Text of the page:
Meagre payments compared to taking up other chores is the main reason
Seventy-five year old Lakshmanan remembers with fondness the days he, along with a few other men from his community, used to play the ‘thappattam,’ ‘parai,’ ‘thudumbu,’ and even the cone-shaped ‘kombu’ during temple festivals or deaths. He carried on his father’s profession for over 40 years till he was forced to seek alternative means of livelihood eight years ago.
He belongs to ‘Maathari’ community which plays for temple festivals, and also take on the role of professional mourners during bereavement. The men play the instruments, keening the traditional ‘oppari’ (dirge) and also sometimes dance wearing anklets. But that was all a long time ago. Now the members of the community are making ends meet by working as daily labourers doing odd jobs – at least those belonging to a hamlet of 60 houses in Uppilianthitu in Nanjundapuram.
The men, along with their family members, have been living there for the last 62 years when their forefathers moved from elsewhere to settle there. There are similar settlements in Vellalore and Thondamuthur that are engaged in similar activity.
The men gave up their traditional profession for various reasons, the chief among them being that temples did not pay them enough as did the families that called them to play during bereavements.
Maragatham, wife of Lakshmanan says that the family was not able to sustain with the income that he brought home.
“They were paid a meagre amount that they had to share among themselves and it amounted to Rs. 50 or Rs. 60 each for a temple festival or a death. The temples refused to pay more and the families too did not consider increasing the amount. A daily labourer earns anywhere between Rs. 150 to Rs. 300 a day and our children are not inclined towards this profession,” she says.
Another reason they say is that temples have turned towards professionals from other places outside of Coimbatore, and are engaging more of classical / Carnatic musicians.
Mr. Lakshmanan, however, added that it was not very heartening when some temple authorities refused to let their children inside the premises.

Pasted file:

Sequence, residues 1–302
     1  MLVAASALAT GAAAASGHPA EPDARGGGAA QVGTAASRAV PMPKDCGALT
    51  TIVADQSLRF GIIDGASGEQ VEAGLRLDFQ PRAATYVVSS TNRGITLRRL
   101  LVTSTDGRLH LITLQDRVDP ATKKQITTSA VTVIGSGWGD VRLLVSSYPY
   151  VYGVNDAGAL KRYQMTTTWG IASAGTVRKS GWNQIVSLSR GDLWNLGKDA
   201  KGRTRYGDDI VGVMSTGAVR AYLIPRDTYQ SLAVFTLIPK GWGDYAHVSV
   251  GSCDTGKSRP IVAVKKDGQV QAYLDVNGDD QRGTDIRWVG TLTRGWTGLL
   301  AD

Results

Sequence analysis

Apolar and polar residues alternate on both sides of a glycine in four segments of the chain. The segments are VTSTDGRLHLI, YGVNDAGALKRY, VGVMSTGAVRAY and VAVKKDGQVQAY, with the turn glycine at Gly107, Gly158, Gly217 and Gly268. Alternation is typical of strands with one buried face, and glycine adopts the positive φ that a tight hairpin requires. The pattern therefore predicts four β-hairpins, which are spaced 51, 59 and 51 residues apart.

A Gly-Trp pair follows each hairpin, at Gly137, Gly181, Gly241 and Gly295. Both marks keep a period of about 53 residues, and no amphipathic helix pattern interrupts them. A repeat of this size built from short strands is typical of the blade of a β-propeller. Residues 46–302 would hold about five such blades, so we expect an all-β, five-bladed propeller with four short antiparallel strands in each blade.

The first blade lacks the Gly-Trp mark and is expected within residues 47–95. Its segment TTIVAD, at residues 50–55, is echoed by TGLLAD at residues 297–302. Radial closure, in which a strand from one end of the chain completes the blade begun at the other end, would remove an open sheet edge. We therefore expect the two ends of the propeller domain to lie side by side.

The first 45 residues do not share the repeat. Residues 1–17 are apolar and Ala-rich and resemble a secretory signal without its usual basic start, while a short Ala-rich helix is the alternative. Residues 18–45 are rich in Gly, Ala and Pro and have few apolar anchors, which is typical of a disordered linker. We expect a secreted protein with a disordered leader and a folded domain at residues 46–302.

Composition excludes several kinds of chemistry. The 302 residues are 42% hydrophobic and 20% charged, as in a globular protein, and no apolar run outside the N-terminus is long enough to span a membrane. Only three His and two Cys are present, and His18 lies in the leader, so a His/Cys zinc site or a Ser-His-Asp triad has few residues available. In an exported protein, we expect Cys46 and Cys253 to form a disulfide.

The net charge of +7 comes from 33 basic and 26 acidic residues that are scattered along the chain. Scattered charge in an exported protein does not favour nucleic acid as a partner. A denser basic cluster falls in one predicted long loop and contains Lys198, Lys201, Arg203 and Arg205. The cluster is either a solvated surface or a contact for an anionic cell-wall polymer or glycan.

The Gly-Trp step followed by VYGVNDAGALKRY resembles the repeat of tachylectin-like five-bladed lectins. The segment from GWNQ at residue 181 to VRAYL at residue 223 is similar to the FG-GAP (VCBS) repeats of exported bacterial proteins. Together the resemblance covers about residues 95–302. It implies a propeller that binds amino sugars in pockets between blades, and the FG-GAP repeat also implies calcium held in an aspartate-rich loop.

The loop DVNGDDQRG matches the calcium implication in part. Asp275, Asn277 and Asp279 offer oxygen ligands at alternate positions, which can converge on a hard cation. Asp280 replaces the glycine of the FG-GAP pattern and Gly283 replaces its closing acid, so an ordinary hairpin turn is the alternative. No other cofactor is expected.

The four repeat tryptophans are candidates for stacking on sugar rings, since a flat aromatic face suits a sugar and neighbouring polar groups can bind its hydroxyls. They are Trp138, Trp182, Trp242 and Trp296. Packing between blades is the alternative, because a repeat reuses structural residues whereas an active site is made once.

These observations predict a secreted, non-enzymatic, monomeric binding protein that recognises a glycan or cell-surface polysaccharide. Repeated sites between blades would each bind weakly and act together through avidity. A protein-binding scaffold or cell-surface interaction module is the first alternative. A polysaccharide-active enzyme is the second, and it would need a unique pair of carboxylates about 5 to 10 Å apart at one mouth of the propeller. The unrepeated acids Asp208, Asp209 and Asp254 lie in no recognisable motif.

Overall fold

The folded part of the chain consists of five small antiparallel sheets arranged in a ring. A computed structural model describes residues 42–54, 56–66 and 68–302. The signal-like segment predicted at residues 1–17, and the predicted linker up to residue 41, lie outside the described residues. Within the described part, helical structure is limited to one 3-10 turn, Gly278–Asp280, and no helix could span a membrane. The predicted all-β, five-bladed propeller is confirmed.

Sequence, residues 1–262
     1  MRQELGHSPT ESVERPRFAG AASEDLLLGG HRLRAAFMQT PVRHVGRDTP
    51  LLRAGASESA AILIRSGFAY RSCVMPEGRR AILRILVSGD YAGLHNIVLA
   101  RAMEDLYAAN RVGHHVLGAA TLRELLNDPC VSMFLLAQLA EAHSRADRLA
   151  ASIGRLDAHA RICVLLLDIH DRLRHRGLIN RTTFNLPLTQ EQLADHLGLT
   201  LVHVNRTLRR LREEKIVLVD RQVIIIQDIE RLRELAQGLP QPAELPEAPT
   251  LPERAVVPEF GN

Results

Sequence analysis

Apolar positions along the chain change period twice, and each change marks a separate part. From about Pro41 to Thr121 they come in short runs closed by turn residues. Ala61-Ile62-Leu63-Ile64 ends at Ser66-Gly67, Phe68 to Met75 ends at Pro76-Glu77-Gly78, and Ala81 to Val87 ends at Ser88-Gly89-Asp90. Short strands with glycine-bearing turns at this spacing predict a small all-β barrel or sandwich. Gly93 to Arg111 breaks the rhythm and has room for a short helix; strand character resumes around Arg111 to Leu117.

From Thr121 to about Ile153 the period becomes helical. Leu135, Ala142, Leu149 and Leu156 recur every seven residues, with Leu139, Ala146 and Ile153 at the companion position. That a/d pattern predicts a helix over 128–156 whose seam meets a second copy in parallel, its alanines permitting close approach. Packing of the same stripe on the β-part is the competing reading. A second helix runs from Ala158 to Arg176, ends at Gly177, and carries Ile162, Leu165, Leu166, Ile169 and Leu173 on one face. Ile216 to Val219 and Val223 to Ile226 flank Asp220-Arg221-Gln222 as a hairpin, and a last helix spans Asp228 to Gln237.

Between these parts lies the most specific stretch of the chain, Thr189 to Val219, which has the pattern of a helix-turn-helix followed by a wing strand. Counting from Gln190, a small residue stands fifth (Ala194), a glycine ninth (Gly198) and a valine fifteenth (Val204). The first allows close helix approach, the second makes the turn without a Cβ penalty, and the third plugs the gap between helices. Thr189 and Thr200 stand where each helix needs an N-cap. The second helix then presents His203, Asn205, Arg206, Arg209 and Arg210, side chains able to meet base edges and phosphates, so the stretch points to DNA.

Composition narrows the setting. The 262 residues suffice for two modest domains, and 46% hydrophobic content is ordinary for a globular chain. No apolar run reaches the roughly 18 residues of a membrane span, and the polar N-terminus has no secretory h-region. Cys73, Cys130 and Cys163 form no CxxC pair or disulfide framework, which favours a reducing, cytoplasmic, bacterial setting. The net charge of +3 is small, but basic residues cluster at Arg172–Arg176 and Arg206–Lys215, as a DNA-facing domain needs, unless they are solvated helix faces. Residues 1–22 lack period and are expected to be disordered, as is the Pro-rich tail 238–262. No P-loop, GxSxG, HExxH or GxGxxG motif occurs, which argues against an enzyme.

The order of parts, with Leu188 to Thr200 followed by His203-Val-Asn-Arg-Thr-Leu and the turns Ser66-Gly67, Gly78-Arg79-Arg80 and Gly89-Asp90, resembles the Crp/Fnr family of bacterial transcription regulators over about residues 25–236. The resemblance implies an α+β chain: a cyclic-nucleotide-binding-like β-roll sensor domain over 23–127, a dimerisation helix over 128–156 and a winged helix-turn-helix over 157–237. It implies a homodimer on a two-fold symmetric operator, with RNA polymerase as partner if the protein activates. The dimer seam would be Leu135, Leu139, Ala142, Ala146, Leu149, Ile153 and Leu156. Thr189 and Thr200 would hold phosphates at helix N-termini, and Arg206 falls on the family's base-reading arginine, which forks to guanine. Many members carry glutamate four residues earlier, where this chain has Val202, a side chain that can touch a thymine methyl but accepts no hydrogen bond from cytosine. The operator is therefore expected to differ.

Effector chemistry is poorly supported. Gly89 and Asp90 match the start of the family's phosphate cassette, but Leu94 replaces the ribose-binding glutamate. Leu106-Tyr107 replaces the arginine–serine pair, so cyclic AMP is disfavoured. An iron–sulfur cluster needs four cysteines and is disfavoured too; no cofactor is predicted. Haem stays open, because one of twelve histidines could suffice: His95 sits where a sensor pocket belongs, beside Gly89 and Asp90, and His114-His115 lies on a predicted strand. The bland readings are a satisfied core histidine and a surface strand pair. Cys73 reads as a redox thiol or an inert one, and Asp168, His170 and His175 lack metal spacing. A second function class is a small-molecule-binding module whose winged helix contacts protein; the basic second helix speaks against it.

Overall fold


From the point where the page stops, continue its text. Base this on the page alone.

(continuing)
Also, many communities have stopped calling these professional mourners during deaths, because funerals have turned into private and quiet affairs and also the traditional procession that is involved in carrying the corpse from the home to the crematorium / burial ground has been done away with. Most of the people have now opted for ambulances and hearses.
S.M. Ravichandran, Head, Department of Tamil, Bharathiar University, who has been researching on the multifaceted folklore of Kongu region, says that it is a fact that these people are not treated well by temple authorities.
“They belong to the lowest sub-caste among the Scheduled Castes community. They are deprived of various reservation benefits too because of this. Also, urban areas have shed some of their traditional procedures during bereavement. These men were engaged in earlier days when professionals were called to make the ‘paadai’ (a floral palanquin) that used to be carried by pall bearers from the home to the crematorium. The men used to play the instruments when the ‘paadai’ was being made, a work that took nearly five to six hours. It was also a mode of communicating to the rest of the community that there was a death in the family. But now all this has become obsolete,” he says.
Another senior resident, 73-year old Kittan says that certain communities who still played music during deaths, have trained a few people from their own community to cater to their needs, and hence do not engage the ‘Maatharis.’
Most of the ‘Maathari’ families do not even have the instruments now. They were not even able to muster a few for a photograph.
Though some from the younger generation have learnt the art from the elders, they do not play them professionally.